Boothe's 4202 Blog

How the Internet and Technology is changing Editing

How to Cooke a story

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Case Study 2

As a journalism senior just months away from hopefully graduating, I have probably read Janet Cooke’s story Jimmy’s World five or six times over the last several years.

Each time I peruse the piece, I enjoy what I read and think about how it should have been treated by the editor.

Like Washington Post managing editor Bob Woodward, it would be difficult for me to shoot down the story. It’s so well-written and unique compared to any other drug-centered article that I’ve ever seen.

But, unfortunately, Cooke and other reporters such as Jayson Blair and Stephen Glass have taught us to temper our enthusiasm. A skeptical editor has to viciously attack his own paper’s stories these days, especially the good ones. It’s the best, and only, defense against receiving fabricated stories by trusted writers. Perhaps that is the real issue.

Can you trust anyone as an editor? You certainly can’t do so with sources; that’s why more than one is required.

As a writer, I don’t want my editor having 100 percent faith in my writing. It’s hard to explain, but the thought of having that level of freedom sounds terrifying. I try my damndest to create accurate and clean copy each night, but it still should be challenged and questioned by another individual’s logic and common sense.

If I was editing Jimmy’s World, here are some topics I’d want to investigate further or ask my writer about:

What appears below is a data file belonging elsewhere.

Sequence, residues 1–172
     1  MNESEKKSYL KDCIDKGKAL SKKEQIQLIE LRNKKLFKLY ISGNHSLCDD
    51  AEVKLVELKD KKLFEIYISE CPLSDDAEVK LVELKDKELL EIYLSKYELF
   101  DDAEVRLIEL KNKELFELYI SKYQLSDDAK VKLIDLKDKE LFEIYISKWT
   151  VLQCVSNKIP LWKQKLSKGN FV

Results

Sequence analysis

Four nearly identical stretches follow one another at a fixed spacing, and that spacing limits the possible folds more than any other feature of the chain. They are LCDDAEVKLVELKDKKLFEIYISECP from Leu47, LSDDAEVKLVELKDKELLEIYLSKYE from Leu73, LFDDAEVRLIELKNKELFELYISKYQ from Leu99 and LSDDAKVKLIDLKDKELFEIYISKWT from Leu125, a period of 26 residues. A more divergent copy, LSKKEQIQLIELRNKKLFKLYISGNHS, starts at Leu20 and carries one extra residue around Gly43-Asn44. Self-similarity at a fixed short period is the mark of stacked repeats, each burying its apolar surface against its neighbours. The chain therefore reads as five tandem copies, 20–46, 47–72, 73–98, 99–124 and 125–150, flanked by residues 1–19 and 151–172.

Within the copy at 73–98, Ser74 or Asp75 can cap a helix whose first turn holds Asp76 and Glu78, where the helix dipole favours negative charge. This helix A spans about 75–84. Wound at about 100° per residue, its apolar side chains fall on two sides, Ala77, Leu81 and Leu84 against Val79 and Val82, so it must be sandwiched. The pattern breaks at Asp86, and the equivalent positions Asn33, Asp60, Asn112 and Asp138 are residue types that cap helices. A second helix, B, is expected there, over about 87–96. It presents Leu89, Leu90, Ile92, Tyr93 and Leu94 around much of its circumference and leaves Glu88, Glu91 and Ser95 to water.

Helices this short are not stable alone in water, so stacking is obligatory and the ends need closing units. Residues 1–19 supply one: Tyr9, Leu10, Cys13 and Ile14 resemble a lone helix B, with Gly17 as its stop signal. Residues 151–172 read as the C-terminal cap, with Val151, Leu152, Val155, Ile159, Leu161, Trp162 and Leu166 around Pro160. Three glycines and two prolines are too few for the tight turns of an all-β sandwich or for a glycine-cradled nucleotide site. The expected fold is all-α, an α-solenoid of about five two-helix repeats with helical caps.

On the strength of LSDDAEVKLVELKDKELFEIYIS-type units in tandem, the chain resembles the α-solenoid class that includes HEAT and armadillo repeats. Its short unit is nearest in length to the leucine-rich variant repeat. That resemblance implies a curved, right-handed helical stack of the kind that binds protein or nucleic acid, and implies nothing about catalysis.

1. School enrollment records – As an editor, I would know Jimmy’s full name and could inquire as to what elementary school he was attending. If he truly missed as much class as the story claims, the administration would be looking into it.

2. Medical problems – I find the interview with the doctor on Jimmy’s drug use to be short-sighted. An 8-year-old boy taking heroin would be suffering from some serious health issues such as collapsed veins and infection. I would imagine his immune system would be pretty shot as well. The story paints a picture of a pretty vibrant child.

3. Quotes – They sound ridiculous and more like a bad stereotype of urban jive talk gone wrong. Jimmy’s words, in particular, read like Mammy from Gone with the Wind.

4. Sharing – I don’t think that heroin addicts would share their own supply. The mother clearly resents her son as a product of her rape, so why would her “live-in lover” dole out his hard-earned dope to a kid?

5.  Police and social services – The story said there was a heroin raid on the mom’s previous home. Did they find anything? Was she charged? If so, her child would have been taken away or social services would be checking in from time to time.


Written by jboothe

February 1, 2012 at 9:06 am

Posted in Uncategorized

One Response

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  1. Good. Follows well the Exceptional category on rubric
    As a journalism senior just months away from hopefully graduating, I have probably read Janet Cooke’s story Jimmy’s World five or six times over the last several years. THIS AMAZES ME – USUALLY MOST STUDENTS HAVE NEVER SEEN IT. SORRY FOR BEING REPTITIOUS

    Ronald R. Rodgers

    February 1, 2012 at 8:08 pm

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